Put simply, a single life annuity pays an income for your life only; when you die the income will cease. If you want a pension to go to your spouse/partner when you die, you can provide for them through a joint life annuity. However, it’s important to consider that the amount of initial pension you get will go down. This reduction will be greater if you have a much younger spouse because the annuity provider will assess the risk of having to pay the income for a much longer time.
If you qualify for an enhanced annuity and want to provide for a healthy spouse then you might find that the enhancements you are offered due to your poor health have eroded because the annuity payments will have to continue until your spouse dies.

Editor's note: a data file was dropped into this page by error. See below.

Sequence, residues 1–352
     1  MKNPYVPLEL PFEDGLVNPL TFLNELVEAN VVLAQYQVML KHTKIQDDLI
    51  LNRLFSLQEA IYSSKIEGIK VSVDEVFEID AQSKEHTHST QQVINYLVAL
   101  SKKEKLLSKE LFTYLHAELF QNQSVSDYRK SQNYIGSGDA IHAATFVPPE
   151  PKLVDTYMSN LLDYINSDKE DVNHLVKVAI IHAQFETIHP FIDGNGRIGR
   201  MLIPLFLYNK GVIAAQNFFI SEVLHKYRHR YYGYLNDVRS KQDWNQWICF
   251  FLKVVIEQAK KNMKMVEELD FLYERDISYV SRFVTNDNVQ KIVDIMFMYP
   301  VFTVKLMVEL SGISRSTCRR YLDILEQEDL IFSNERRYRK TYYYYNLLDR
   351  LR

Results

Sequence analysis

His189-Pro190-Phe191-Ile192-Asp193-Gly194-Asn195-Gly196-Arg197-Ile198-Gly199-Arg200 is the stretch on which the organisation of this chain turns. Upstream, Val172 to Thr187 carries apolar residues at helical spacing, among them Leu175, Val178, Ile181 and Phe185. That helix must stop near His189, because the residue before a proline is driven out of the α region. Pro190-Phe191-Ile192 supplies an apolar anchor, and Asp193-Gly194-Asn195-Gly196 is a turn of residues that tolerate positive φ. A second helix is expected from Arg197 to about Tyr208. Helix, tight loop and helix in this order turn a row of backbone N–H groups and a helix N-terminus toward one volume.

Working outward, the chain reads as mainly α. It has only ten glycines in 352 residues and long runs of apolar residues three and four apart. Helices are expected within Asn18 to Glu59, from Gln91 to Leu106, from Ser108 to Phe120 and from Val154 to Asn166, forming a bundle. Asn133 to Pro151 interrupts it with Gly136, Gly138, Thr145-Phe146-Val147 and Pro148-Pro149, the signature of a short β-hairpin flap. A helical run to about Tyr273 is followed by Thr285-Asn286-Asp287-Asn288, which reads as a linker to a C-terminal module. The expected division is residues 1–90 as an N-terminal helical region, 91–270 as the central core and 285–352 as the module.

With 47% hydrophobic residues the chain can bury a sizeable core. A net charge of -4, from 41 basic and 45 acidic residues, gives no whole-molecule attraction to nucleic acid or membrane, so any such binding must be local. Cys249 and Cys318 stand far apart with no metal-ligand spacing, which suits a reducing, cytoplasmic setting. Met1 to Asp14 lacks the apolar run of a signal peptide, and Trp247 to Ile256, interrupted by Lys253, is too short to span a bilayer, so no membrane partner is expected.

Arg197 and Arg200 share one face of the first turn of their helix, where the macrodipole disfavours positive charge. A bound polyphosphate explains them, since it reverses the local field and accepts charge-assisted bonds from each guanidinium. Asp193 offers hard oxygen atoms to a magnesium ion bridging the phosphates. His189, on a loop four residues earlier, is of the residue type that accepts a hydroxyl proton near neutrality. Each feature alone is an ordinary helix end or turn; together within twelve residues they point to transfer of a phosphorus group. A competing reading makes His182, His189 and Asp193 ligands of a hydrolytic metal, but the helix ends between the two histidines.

If death benefits are important to you there are other flexible methods of using your pension funds to take income, and you can keep control of your fund. Please have a look at Pension Drawdown. Typically, we suggest this is suitable for funds over £100,000.
If you die the payments can continue to be paid to your spouse/partner at the same level (100%) or a reduced amount (typically 66% or 50%) of your pension.
Source: Iress – Healthy Male Annuity for £50,000 with a wife 3 years younger on 31.07.2023